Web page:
History of Burn Center
Today, the North Carolina Jaycee Burn Center is a 37-bed facility that is one of the few in the nation that is American Burn Association verified for adult and pediatric care. The center had more than 1200 acute admissions in 2012, and consistently operated at capacity. The Burn Center’s state-of-the-art facilities in UNC Hospitals and experienced staff provide patients with the best in clinical treatment and aftercare.
The opening of the Burn Center was the culmination of one man’s mission. John Stackhouse owned an electrical contracting company in Goldsboro, and he saw first-hand the devastation that burns can create when several of his workers suffered severe electrical burns in the 1960s. At the time, the state of North Carolina had no burn center and there were fewer than a dozen in the entire United States.
“Back then, a seriously burned patient never returned to work or even to productivity for that matter,” Stackhouse said. “Just to return them to the task of living was a continuous struggle.”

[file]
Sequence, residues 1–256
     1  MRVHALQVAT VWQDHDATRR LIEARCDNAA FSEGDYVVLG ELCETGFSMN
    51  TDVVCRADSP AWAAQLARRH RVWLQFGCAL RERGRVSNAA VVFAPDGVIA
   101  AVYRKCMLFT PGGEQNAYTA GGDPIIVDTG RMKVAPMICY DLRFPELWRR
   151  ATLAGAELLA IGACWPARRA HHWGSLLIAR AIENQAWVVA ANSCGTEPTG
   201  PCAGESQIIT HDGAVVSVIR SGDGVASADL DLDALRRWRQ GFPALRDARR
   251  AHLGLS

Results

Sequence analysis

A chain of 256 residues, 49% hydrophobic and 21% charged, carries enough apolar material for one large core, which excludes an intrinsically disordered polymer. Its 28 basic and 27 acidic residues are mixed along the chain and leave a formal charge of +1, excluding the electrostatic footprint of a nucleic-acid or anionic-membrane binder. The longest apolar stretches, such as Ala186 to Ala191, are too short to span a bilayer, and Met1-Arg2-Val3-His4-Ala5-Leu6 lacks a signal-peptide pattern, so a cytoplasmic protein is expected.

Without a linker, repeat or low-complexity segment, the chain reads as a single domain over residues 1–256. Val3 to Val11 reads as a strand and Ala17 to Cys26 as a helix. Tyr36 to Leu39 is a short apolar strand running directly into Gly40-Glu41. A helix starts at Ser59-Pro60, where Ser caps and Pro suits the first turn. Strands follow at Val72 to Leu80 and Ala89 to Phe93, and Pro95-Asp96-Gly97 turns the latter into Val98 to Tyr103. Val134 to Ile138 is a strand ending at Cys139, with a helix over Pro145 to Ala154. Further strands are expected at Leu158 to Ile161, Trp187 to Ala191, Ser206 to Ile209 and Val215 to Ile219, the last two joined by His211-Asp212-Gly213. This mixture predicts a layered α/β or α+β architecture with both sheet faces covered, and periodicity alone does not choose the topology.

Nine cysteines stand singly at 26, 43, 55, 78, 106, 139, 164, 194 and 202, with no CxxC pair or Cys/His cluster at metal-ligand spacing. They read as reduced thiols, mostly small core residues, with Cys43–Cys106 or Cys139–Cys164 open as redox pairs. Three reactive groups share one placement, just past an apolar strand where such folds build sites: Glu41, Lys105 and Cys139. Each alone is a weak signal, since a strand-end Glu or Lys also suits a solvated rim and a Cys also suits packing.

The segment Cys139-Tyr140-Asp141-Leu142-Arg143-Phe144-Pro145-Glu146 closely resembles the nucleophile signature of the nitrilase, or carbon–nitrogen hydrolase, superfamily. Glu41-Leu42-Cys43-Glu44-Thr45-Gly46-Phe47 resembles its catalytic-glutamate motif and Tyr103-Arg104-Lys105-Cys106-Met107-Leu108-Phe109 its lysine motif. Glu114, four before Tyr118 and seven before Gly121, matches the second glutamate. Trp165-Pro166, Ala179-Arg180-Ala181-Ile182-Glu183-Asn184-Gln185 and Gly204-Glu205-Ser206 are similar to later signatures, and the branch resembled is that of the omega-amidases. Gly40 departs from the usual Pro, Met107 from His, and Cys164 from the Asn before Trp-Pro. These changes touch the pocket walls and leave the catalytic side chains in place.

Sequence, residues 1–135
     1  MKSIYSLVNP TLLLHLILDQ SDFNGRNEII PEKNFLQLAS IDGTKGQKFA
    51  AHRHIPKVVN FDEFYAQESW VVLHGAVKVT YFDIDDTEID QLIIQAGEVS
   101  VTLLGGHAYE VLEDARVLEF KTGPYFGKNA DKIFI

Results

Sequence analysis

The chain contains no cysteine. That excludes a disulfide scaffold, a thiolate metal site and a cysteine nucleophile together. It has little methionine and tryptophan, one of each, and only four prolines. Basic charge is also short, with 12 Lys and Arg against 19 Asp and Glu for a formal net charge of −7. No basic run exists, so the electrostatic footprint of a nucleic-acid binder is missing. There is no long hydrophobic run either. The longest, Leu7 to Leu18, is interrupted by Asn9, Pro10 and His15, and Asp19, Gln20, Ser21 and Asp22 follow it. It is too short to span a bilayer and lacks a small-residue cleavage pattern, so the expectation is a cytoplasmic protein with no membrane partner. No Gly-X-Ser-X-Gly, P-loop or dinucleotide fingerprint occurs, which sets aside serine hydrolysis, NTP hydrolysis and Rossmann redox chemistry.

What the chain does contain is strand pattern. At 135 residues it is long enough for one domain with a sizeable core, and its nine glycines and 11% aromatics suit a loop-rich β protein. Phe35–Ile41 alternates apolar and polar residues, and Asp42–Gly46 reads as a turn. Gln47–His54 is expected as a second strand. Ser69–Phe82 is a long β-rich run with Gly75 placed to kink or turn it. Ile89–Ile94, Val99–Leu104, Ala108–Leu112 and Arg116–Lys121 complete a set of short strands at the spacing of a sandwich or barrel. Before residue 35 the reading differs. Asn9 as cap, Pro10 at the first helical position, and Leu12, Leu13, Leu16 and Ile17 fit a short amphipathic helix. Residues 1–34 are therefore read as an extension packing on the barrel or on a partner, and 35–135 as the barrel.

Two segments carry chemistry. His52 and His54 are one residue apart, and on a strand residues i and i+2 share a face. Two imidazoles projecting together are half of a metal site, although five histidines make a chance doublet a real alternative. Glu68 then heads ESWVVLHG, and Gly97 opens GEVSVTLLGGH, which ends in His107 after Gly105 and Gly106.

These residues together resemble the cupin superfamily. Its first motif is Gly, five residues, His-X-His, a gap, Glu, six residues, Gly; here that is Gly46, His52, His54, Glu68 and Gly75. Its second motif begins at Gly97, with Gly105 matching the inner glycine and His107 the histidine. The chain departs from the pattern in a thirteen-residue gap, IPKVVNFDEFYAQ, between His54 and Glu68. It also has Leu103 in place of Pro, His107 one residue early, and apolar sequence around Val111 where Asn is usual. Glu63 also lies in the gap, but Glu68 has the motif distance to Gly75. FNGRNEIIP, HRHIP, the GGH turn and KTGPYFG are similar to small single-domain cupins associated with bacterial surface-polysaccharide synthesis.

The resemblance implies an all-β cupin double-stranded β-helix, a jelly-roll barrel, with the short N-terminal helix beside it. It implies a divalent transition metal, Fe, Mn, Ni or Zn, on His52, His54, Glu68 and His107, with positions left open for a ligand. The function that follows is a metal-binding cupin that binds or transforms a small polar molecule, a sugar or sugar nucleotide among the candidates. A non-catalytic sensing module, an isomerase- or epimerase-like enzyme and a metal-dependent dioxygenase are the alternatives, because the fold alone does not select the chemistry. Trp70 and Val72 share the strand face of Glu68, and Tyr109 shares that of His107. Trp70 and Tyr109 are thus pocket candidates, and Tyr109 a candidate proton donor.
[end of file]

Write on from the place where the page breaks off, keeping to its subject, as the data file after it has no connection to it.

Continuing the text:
Stackhouse set out to improve the quality and accessibility of burn care in North Carolina. He pledged $40,000 of his own money and the board of the Rural Electric Association voted to match it. Stackhouse lobbied other organizations, and many groups that had seen the effects of burns – such as firefighter and electrical organizations – joined the effort. In 1973, the Goldsboro Jaycees sold jars of jelly to help raise money. The statewide organization adopted the idea, and the first Jaycee Jelly Week was held in January 1974. Jaycee and Jaycette chapters across the state raised nearly $150,000 by selling jelly for $1 a jar. Stackhouse bought the first jar for $10,000.
“With his persistence, commitment, passion and irrepressibility, Mr. Stackhouse was the driving force behind the effort,” said Dr. Christopher Fordham, dean of the UNC School of Medicine from 1971 to 1979. “We were treating burns here at the time, but there was a compelling need for a specialized center.”
The groundbreaking for the Burn Center was January 15, 1977, and Stackhouse’s vision came to fruition when the center officially opened on February 23, 1981. The continued support of citizens across North Carolina means that the Burn Center can remain a beacon of hope for burn survivors.
“I’ve traveled all over with the American Burn Association, and I’m proud to say I believe the Burn Center is the best in the country,” Stackhouse said.